• With: Kim Strassel, Jason Riley, Dan Henninger, Peggy Noonan, Collin Levy

    GIGOT: To give you a sense of the magnitude, there were 8 percent of the Hispanics in 2008. There 10 percent this year. And Romney's share went from -- Republican share went to 27 from 31.

    HENNINGER: And the Romney campaign thought they needed 37 percent of that Hispanic vote for their numbers to win and they got 27 percent. The arithmetic on the Latino vote is just brutal and obvious. They have to do something about that.

    GIGOT: Quickly, Jason?

    RILEY: I want to make one more point about the type of campaign that Romney ran. He focused on the economy.

    GIGOT: Right.

    RILEY: He wanted to make this the Obama economy.

    GIGOT: Yes.

    RILEY: But he woke up Wednesday morning and probably saw an exit poll figure that had him devastated, which is that, for people -- 50 percent of the electorate still thought this economy was George W. Bush's fault.

    GIGOT: It's astonishing.

    RILEY: It's absolutely astonishing.

    GIGOT: And that suggests one of the failures was not making a distinction in the campaign, the thematic explanation of why he would be different than George W. Bush.

    All right. When we come back, the soul searching begins as Republicans face another four years of a Democrat in the White House and at least two more in the Senate minority. What the party needs to do to regroup for 2014 and beyond, next.


    GIGOT: Another White House loss for the GOP, coupled with their failure once again to take back the Senate leave many in the party calling for change. What can Republicans do to regroup for 2014 and beyond?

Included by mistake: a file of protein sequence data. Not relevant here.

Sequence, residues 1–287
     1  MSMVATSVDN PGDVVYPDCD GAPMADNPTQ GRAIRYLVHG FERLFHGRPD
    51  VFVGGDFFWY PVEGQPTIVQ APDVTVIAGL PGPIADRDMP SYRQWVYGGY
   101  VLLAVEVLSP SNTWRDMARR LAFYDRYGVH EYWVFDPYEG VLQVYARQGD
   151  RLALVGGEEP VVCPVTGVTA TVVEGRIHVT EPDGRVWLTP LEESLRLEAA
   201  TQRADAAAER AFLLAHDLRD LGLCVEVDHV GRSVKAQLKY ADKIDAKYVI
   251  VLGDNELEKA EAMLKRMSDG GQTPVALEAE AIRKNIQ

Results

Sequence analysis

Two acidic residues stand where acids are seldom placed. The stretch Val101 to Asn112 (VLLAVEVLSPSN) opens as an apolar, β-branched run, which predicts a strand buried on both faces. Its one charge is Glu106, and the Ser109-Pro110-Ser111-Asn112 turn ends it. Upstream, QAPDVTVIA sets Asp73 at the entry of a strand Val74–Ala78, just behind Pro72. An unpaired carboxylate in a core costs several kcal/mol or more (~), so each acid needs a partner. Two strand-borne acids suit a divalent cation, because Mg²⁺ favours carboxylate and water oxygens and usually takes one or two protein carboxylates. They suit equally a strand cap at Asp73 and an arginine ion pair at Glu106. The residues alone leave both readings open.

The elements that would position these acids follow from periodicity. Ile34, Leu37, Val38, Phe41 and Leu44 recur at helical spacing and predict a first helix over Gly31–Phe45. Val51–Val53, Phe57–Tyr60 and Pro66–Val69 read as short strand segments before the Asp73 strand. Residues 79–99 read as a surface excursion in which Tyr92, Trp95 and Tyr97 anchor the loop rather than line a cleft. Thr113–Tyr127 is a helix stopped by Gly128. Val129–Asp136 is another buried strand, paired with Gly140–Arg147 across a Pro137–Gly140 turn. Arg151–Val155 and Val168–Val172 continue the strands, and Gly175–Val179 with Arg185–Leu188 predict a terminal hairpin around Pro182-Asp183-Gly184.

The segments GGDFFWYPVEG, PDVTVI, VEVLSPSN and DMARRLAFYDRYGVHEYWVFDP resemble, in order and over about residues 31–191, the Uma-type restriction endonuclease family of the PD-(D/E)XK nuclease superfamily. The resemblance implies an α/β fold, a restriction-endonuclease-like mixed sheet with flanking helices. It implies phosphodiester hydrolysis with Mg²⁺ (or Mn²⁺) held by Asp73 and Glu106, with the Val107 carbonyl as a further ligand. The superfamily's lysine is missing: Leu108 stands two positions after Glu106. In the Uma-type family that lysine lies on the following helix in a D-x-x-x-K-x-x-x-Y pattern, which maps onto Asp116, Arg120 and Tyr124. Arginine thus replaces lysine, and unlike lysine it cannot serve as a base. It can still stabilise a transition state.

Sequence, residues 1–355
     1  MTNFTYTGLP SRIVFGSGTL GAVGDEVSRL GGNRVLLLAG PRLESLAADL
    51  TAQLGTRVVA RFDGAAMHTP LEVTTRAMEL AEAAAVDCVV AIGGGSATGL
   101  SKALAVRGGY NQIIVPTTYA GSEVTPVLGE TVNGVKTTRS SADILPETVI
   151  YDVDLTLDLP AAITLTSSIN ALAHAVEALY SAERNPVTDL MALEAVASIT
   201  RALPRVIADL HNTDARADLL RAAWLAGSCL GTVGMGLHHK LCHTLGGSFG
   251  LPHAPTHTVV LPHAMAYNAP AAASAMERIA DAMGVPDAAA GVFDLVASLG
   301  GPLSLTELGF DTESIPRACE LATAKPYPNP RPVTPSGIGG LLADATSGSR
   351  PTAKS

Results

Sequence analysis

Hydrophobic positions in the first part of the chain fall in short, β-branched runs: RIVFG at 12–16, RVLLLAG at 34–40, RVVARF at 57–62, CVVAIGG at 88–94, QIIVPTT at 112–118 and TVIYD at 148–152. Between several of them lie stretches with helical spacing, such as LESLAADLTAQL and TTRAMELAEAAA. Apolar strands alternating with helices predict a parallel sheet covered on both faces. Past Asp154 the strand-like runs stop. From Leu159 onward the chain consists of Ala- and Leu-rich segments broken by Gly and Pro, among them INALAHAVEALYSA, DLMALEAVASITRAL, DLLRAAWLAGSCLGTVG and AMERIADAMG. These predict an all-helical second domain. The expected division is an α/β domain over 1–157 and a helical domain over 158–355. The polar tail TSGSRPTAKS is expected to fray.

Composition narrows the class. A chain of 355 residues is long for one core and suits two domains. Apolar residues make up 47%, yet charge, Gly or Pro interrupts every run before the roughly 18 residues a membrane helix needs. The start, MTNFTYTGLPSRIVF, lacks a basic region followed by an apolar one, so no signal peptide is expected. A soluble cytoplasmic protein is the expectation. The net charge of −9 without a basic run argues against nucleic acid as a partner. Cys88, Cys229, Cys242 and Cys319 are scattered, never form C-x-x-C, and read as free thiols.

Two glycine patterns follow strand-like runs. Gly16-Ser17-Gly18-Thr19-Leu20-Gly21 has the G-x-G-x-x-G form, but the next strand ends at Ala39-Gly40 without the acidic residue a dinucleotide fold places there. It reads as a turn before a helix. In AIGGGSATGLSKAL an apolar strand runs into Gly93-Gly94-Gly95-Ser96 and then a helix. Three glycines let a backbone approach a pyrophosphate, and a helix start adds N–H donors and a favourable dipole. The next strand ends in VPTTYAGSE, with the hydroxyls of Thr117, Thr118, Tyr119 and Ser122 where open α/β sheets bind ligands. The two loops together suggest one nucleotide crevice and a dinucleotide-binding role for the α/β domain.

Jason, it's a wonderful time of the season, called recrimination.


    Otherwise known to journalists as "shooting the wounded," which is our specialty.


    So, what --


    How much trouble is the Republican Party in?

    RILEY: They're in a lot of trouble.


    The coalition needs to expand. It's that simple. There are demographic trends in this country that the GOP has to wake up to and adjust accordingly. And I think you have to start with the Hispanic vote. And this is doable, Paul. Between 1996 and 2004, the GOP doubled its percentage of the Hispanic vote to more than 40 percent. The Hispanics are not natural Democrats. They're not lost to the Republican Party. They need to be courted appropriately.

    GIGOT: Are you saying they don't all naturally want to be part of the 47 percent, to sit on the goal?


    GIGOT: Is that what you're saying?


    GIGOT: Some Republicans talk like that's what they do.

    RILEY: And this is irrespective of immigration policy, Paul, because these demographic trends are being set by immigrants or by Hispanics already in the country, not new people coming.

    GIGOT: You're saying if you shut down the border now, for the next 50 years --

    RILEY: You would not stop this wave.

    GIGOT: -- you would still have --

    RILEY: You would not stop it.

    GIGOT: -- you would not stop it?

    RILEY: Their percentage of the electorate --

    GIGOT: All right.

    RILEY: -- continues to grow.

    GIGOT: So what should Republicans do to appeal to that vote?

    RILEY: Make them feel welcome in the party, I think, is the way to go. And of course, they don't only vote on issues of immigration.